Published in 1985, Margaret Atwood’s, “The Handmaid’s Tale,” portrays the oppression of women living in a relapsed fundamentalist dystopia. Since then, the novel has become a bestseller, earned its own Hulu series, and ignited a sense of activism across the globe. Atwood sat down with us to discuss her initial hopes for the novel, its newfound significance, and the series adaptation’s call to action.

What do you hope The Handmaid’s Tale inspires in readers and, now, viewers? How is this influencing women’s empowerment?

Back in 1985 when the book was published, the hope was to inspire people to think carefully before allowing ourselves to get close to a totalitarian or authoritarian society in North America. However, now that this is no longer seen as simply fantasy, the show’s iconic red costumes have become an impressive mute symbol of protest – in places where women are fighting for their human rights, and in places where they are seeing their already-gained rights being removed. We live at a time when nothing can be taken for granted. Things can change overnight, and the show is a reminder of that
unpleasant reality.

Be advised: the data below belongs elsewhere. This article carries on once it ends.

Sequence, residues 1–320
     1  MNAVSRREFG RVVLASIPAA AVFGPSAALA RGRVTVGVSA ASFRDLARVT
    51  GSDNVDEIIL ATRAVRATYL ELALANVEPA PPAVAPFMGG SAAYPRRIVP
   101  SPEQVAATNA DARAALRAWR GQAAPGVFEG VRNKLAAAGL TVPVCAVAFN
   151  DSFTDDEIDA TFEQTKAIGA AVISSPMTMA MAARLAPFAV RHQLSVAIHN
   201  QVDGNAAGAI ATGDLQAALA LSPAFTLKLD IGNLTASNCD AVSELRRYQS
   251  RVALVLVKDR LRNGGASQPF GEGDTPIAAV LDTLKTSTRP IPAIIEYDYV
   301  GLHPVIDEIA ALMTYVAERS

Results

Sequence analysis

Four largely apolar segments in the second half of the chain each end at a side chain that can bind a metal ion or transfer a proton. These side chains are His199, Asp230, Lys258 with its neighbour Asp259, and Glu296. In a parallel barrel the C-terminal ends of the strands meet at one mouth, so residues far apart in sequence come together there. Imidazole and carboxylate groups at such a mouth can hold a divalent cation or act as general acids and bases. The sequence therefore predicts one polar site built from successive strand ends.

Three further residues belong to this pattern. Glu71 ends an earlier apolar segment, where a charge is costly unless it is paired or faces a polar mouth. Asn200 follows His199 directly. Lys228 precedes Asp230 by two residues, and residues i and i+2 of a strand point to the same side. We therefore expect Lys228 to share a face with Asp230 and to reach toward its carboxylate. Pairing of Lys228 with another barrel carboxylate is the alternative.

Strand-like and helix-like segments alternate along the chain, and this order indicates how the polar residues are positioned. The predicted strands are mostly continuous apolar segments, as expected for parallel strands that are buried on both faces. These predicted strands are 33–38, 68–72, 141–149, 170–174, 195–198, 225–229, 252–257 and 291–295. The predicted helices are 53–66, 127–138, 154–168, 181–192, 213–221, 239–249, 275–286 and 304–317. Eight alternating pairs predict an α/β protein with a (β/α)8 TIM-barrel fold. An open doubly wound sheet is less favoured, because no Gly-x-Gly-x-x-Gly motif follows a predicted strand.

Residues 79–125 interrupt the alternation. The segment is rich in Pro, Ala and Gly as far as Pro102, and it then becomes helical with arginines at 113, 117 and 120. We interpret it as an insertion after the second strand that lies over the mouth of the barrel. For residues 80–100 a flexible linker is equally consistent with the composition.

How do you, as an author, confront stereotypes?

Stereotypes are complex, they change over time. Authors always try to portray the characters in their novels as complex individuals – not as angels or devils, but as individual people with a full range of human emotions and human flaws. Women are people. They come in infinite varieties. Fiction reflects that.

Why is it so important to speak out against injustices—big or small—even if you’re afraid or if there are risks?

Speaking out against injustices is a luxury not everyone can afford. In western democracies, people fear being fired for speaking out. In other countries, journalists are murdered for doing so. Fortunately, there are organizations devoted to exposing injustices of all kinds. If people are unable to speak out, then at the very least, they can make a donation to one of these organizations. The price of preserving democracy – where it exists – is a free press, so supporting a reputable news agency is also important.

You’ve called Season 2 a call to action. How do you think viewers and fans can convert their emotions about the show into activism?

In the United States, many of them are already doing that by working to enfranchize and encourage voters to elect legislators who will protect their rights. But books and TV shows cannot affect change by themselves. Change has to come from the ground level.

Who inspires you to #EmbraceAmbition?

My parents – they never told me I couldn’t do something simply because I was female. My Dad once said, “You’ve been given a brain. Use it.” So I did. Of course, he said this to me in response to a bad mark in Latin class, but still….

Want more of Margaret Atwood? Watch her at the Tory Burch Foundation’s Embrace Ambition Summit: